George Herbert on Sin, Love, & the Sacrament

George Herbert on Sin, Love, & the Sacrament April 8, 2014

Miranda Threlfall-Holmes discusses one of my favorite poems, The Agony by George Herbert.  It is about how we try to measure everything, neglecting what cannot be measured; namely, sin and love.  But these can be known in their depths as they come together in the Cross of Jesus Christ.  The poem concludes with these lines on the Sacrament:

Love is that liquor sweet and most divine

Which my God feels as blood; but I, as wine.

From How can we measure the immeasurable? | Miranda Threlfall-Holmes | Comment is free |

In typical 17th-century metaphysical style, Herbert’s poem The Agony begins with a sweeping and grand survey of the state of human knowledge:

Philosophers have measur’d mountains

Fathom’d the depths of seas, of states, and kings

Walk’d with a staff to heav’n, and traced fountains.

The effect is to paint an impressive still life, full of globes and maps and sextants, crowns and armies, books and telescopes. Geography, mathematics, astronomy, political science: the educated elite of the 17th century were justly proud of their state of knowledge, and of the speed at which it was growing. This was a time when the known world was rapidly expanding into the New World, great advances were being made in navigation and associated sciences, and the study of political theory was in ferment. The sense of pride and awe and intellectual excitement of all this is palpable.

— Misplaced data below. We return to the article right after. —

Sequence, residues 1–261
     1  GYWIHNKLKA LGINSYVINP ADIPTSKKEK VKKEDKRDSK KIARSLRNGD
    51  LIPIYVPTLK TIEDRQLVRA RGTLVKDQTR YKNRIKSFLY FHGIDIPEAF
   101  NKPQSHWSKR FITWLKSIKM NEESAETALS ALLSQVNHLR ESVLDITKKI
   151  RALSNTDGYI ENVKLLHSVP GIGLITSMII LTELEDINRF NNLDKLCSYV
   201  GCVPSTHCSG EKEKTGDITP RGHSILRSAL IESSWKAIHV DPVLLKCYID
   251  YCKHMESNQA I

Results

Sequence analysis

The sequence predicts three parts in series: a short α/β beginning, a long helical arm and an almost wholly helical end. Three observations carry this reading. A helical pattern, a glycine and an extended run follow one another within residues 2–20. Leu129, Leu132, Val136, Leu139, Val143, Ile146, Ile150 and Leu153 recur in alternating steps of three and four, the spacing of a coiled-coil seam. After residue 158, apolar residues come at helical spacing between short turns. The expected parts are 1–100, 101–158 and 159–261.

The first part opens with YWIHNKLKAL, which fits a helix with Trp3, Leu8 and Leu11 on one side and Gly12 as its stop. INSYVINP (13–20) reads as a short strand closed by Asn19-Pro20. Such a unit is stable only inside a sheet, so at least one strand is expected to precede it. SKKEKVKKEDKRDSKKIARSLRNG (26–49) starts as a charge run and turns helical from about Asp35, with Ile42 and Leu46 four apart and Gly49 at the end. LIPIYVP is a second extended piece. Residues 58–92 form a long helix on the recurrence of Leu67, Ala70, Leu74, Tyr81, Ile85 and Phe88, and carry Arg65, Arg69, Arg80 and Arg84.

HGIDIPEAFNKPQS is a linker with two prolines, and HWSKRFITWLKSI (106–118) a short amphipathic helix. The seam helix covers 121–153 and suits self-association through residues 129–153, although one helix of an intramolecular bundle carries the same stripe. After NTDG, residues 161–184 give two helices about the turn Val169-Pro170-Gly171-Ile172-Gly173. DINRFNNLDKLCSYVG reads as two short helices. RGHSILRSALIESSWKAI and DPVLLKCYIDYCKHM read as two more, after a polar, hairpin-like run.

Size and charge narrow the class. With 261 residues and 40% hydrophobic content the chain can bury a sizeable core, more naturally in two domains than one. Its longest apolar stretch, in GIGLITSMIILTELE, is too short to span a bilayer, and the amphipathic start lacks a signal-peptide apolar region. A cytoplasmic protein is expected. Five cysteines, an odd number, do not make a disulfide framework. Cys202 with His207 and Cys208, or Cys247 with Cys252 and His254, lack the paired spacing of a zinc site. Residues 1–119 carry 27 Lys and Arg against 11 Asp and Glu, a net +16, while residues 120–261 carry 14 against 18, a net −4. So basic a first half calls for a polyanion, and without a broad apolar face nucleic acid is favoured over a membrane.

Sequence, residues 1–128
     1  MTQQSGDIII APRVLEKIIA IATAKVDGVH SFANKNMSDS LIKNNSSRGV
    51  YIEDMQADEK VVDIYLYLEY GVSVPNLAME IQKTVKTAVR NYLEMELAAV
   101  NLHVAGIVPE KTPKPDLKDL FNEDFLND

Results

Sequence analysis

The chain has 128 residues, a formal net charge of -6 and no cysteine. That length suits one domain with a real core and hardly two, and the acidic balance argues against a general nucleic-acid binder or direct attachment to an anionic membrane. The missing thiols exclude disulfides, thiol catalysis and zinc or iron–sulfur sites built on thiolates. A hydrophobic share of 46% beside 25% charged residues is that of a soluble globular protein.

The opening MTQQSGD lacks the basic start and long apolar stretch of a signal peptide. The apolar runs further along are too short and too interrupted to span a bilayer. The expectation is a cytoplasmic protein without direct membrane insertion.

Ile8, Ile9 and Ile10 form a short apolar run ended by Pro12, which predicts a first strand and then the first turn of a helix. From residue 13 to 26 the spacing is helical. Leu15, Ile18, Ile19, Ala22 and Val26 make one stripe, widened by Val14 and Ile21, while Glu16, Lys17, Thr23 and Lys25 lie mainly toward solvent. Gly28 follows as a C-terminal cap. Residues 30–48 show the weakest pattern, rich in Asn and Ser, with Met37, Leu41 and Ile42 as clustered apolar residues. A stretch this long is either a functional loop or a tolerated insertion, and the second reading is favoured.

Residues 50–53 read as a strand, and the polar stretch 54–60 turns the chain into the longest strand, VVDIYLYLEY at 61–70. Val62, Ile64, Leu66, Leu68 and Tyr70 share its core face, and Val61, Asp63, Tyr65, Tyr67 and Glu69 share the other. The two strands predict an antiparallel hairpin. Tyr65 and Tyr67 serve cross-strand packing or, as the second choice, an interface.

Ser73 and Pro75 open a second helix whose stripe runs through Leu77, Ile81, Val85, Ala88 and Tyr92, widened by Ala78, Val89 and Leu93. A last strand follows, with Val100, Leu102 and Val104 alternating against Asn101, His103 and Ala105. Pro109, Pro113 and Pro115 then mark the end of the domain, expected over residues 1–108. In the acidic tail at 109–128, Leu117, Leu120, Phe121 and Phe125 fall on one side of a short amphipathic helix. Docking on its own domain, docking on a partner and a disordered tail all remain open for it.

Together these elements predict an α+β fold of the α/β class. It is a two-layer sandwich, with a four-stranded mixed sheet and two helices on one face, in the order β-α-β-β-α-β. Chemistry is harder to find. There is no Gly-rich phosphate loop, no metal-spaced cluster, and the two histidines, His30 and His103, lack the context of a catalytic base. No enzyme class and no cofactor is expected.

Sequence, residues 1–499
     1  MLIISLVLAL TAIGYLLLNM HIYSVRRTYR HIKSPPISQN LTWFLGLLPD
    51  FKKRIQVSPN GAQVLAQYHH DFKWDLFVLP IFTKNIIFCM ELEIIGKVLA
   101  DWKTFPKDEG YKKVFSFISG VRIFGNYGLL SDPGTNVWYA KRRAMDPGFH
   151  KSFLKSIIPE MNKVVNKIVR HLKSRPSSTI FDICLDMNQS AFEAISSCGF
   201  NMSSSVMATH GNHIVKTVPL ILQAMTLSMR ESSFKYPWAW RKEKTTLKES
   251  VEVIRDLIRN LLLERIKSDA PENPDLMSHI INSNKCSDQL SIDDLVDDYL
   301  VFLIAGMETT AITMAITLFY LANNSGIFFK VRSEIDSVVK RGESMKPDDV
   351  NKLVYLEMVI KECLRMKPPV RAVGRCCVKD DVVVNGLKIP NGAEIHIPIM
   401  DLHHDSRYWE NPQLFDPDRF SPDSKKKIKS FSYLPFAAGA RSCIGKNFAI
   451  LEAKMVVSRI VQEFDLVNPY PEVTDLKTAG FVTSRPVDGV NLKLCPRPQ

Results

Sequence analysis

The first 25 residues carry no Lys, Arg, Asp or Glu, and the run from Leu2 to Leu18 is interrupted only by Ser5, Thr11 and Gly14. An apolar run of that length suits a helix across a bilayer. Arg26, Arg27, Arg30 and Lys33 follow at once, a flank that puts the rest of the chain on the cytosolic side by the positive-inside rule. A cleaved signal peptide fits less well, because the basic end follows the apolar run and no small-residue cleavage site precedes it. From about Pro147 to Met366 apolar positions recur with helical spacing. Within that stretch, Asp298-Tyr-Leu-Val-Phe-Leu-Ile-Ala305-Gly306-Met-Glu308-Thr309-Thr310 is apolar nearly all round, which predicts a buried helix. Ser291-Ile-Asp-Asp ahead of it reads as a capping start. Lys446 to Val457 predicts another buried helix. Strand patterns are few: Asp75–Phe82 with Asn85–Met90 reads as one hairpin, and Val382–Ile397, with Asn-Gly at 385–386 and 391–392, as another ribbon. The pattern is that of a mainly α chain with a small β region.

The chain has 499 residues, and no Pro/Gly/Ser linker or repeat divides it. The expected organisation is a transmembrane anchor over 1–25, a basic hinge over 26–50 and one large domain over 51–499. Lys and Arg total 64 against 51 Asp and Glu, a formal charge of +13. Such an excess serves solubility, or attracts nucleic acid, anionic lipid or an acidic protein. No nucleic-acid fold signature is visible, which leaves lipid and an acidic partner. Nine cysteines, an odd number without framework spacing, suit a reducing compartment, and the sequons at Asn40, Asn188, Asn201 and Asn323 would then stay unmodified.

It is still remarkably fresh today, as science strains towards a Grand Unifying Theory of Everything. A modern poet might similarly summarise the state of contemporary science and humanities: we have measured virtually everything there is to be measured. . . .

But the question of what can’t be measured remains. How are we to value things for which science is yet to devise a metric? How are we to assess things that it is theoretically impossible to measure? . . . .

Herbert suggests two “vast spacious things” which few experts attempt to “sound” (get to the bottom of, as with measuring the depths of the sea): sin, and love. . . .

Here the action cuts from a carefully arranged academic still life, to an equally familiar but graphically contrasting crucifixion scene. It is a grisly one. From standing in a museum, we are suddenly confronted with:

A man so wrung with pains that all his hair

His skin, his garments bloody be.

Just as we are staring in shock at the abrupt change of focus, the poem drags us back to the academic question. How can one plumb the depths of sin? The question could easily be one of angels dancing on the head of a pin, but Herbert answers it not with theology, but with another arresting image:

Sin is that press and vice, which forceth pain

To hunt his cruel food through ev’ry vein.

Then the scene shifts again – as in a dream, or nightmare, we are no longer looking at the scene from the outside, but are suddenly a participant in it. To measure love, we are told, to “assay” (again, a carefully chosen scientific term) the blood that flows from the dead man’s side. As we are recoiling in horror from this thought, it becomes even more graphic – we are asked how it tastes. In the final couplet, Herbert draws us back into the present by making the link with the wine at communion explicit:

Love is that liquor sweet and most divine

Which my God feels as blood; but I, as wine.

How can we measure the immeasurable? We can’t. The stock in trade questions of academic theology – what is sin, what is love, what did Jesus’ death accomplish – are not answered. We are simply presented with the image of Christ on the cross. And in doing so, Herbert is of course at his most profoundly theological. The poem’s construction itself communicates the fundamental Christian doctrine that God’s answer to all our questions is not words or theories, but to become incarnate as a human being and simply say: I am. Taste and see.

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